Mice should always have worked like this

 Apple Macs use mice and Apple don't give you too many options for configuring them.

System Preferences / Mouse

That does give some control and of course it's optimised for Apple mice (which are really trackpads nowadays as they don't have wheels on anymore). 3rd party mice may well have their own software / system preferences pane to allow some adjustments.

3D Connexion Preference Pane

In their wisdom Apple make scrolling accelerate as it's used continuously, so scroll down a page and suddenly it can jump to the end because the scrolling has sped up (especially noticeable scrolling long pages).

Now there's a helping hand (well a little utility that lives in the menu bar) called LinearMouse and it'a free. It can be directly downloaded from the site (.dmg) or installed via Homebrew

#brew install --cask linearmouse

The source code is also available on Github so it's possible to build the app yourself (more importantly ensure it's not doing anything suspicious in the background).

Once installed a mouse looking icon appears in the menu bar and clicking it brings a dropdown menu showing the mouse options and click on LinearMouse Properties.

LieanMouse Preferences

Reverse scrolling does just that and the scrolling direction will be reversed, but the magic is enabling linear scrolling as this stops the scrolling speeding up. Once you enable it, you'll wonder how you ever lived without it, it's a game changer.

One of the best utilities you'll find for your Mac (now of course Apple will integrate the functionality into a future version of macOS).


Working from home, be Shure to use a MV5C microphone

Shure is known for its professional in-earphones, headphones, microphones and wireless systems and have been around for a long time (since 1925). The in-earphones can produce very high quality audio as they isolate the sound form the outside world and musicians have custom earpieces made so they fit completely into and on to the ear canal (this also allows the audio to play much more quietly which is better for the ear drums and reduces damage).

More recently conferencing systems have also become part of the portfolio very much aimed at businesses.

Now with everyone working from home, Shure has moved into the home office space and produced a microphone to suit video and voice calls, the MV5C microphone.

Shure MV5C box

There is some assembly required (screw the large sphere ended screw through the base into the microphone ball).

Parts from box

The microphone connects to the computer via micro-USB (why not USB-C in this day and age?). There's also a headphone socket at the back for connecting wired (jack) earphones or headphones so it's possible to monitor the raw input.

Back of microphone

The completed unit looks quite professional, though the ball of the microphone is made of plastic.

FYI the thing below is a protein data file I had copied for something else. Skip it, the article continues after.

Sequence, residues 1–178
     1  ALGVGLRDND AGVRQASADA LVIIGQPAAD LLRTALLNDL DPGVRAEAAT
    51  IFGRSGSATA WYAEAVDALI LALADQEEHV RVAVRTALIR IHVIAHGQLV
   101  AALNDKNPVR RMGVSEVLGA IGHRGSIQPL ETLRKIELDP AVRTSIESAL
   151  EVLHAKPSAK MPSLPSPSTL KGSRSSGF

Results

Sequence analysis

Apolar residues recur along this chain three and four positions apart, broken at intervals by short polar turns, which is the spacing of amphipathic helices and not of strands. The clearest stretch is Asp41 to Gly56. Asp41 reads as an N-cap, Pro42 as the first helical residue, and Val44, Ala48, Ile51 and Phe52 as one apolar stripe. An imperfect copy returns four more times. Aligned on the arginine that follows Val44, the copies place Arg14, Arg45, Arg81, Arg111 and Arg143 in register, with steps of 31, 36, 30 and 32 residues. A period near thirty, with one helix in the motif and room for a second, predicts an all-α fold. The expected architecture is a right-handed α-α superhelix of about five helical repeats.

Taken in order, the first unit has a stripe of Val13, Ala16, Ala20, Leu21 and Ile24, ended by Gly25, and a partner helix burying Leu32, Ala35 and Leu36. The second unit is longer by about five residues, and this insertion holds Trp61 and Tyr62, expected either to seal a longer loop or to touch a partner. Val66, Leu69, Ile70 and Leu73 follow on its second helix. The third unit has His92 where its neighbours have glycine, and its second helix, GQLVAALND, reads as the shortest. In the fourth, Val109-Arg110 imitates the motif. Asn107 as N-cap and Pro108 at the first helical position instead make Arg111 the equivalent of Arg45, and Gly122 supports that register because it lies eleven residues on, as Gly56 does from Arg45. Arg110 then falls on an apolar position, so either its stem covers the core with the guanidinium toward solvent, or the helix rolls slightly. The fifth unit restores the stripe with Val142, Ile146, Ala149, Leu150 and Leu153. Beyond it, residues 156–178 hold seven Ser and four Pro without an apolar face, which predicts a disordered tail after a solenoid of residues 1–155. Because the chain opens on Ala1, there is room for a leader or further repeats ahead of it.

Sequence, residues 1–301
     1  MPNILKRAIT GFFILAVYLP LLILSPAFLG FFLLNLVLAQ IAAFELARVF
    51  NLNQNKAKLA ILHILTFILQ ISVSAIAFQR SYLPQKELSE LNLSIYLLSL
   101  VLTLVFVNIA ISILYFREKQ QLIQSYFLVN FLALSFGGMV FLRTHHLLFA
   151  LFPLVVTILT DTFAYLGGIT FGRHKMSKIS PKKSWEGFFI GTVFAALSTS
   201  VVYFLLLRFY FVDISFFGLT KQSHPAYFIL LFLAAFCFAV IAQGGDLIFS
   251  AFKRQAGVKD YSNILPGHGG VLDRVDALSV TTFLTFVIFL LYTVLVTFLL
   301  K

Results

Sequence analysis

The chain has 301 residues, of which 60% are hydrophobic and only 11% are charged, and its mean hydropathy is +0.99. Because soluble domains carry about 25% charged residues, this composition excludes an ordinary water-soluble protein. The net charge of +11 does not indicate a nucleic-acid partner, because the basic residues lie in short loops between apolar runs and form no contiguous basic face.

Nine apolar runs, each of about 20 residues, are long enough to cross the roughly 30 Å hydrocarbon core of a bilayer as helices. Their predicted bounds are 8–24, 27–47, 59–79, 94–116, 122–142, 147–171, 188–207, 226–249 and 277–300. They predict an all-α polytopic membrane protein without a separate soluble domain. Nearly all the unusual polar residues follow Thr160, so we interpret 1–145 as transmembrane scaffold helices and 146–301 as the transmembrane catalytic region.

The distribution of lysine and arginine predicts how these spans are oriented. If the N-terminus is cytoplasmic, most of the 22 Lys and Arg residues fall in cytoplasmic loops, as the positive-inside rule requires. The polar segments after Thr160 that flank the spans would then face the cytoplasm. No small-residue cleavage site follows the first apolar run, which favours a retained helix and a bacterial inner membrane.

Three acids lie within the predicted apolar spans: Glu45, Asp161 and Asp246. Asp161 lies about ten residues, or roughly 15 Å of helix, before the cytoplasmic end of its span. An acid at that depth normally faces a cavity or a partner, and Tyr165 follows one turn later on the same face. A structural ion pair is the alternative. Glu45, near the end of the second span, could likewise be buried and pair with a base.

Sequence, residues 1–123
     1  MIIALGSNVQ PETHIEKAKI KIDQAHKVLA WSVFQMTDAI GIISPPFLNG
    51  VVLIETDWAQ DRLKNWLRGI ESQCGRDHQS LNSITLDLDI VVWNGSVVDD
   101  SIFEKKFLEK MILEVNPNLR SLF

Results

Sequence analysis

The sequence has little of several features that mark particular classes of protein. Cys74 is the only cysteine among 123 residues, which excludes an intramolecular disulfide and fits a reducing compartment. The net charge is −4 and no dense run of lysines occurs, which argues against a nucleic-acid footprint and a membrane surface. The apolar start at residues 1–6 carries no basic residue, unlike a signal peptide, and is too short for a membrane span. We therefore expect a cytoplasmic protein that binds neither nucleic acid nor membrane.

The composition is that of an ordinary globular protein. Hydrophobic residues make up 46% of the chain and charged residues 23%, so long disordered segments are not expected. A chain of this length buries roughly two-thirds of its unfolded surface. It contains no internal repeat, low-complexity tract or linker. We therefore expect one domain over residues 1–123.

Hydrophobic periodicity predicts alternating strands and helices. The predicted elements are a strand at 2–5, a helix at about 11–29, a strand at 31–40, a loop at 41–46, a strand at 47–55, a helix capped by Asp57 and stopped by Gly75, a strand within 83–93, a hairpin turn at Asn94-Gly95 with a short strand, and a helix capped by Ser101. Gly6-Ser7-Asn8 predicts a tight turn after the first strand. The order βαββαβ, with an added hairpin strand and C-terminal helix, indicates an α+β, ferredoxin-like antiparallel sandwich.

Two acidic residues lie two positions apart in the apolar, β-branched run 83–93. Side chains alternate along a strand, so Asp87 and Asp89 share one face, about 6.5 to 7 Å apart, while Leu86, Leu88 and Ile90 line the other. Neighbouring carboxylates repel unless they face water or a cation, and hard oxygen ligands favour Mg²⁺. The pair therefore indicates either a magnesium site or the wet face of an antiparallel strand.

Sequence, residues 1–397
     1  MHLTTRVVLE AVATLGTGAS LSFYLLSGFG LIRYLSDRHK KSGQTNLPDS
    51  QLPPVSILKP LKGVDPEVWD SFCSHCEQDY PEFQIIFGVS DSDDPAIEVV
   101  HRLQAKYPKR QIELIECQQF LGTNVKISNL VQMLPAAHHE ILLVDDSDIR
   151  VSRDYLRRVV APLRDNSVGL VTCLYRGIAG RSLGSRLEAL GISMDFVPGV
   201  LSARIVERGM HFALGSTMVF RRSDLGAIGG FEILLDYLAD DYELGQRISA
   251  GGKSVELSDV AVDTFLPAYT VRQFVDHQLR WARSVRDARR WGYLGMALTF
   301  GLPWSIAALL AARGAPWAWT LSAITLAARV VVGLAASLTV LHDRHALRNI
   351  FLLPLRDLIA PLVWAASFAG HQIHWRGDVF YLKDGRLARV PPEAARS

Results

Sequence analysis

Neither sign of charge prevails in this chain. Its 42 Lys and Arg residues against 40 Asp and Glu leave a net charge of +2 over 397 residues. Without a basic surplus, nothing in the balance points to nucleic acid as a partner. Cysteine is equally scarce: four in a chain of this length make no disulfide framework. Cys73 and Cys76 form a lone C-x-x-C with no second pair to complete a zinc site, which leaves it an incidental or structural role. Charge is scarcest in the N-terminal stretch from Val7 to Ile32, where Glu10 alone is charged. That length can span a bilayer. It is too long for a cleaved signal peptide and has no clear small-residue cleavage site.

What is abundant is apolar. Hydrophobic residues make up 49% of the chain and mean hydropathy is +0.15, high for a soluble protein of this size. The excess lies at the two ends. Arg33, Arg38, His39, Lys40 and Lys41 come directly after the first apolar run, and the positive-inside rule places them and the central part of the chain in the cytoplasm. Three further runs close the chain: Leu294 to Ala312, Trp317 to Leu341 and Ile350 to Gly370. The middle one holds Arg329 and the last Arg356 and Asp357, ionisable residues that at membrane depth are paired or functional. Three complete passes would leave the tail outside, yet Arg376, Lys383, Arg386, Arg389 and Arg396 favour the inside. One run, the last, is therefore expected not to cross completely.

Microphone with Shure logo on front

The microphone should be placed as close to face of the user as possible (in front of the keyboard, the base can slide under some keyboards and still allow the keyboard to be used effectively). The voice quality is very good.

The main problem is it's very easy to pickup background noise, especially hum from hard disks (i.e. older computers with hard disks inside or backup external disks) and fans. Newer solid state disk (SSD) based systems will sound much better. It would also be possible to mount the microphone on some sound abosrbant material as the hum comes mainly via the base.

The following are 3 recordings made using the MV5C and Audacity (44KHz sampling with 32bit floats) and and images grabbed of the capture - the base line waveform amplitude shows the hum/background noise.


The background hum can be heard, but still great quality.

Off desktop was recorded using some sound absorbing material. The hum is slightly lower.

The final version was recording while holding the microphone so isolated from the desktop (which the computer and backup disk is on) and a screen behind the microphone between it and the computer.

With each capture the background noise is reduced and placing the microphone where it won't pickup extraneous noise will make a huge difference to the audio quality - though if offline editing, then noise removal would help.

As a desktop microphone and set-up correctly (and near to the person using it), it is a very good quality mic and can make a big difference compared to poor quality mics in headphones or other devices when using video conferencing or telephony applications.

The MV5C also works with the ShurePlus MOTIV mobile recording software (free download for iOS or Android) though it will require the correct cable (i..e device to micro-USB). The software gives tools to chop audio into clips, fade in and out and save in various formats.

It retails for £115 direct from Shure though it can be found online considerably cheaper.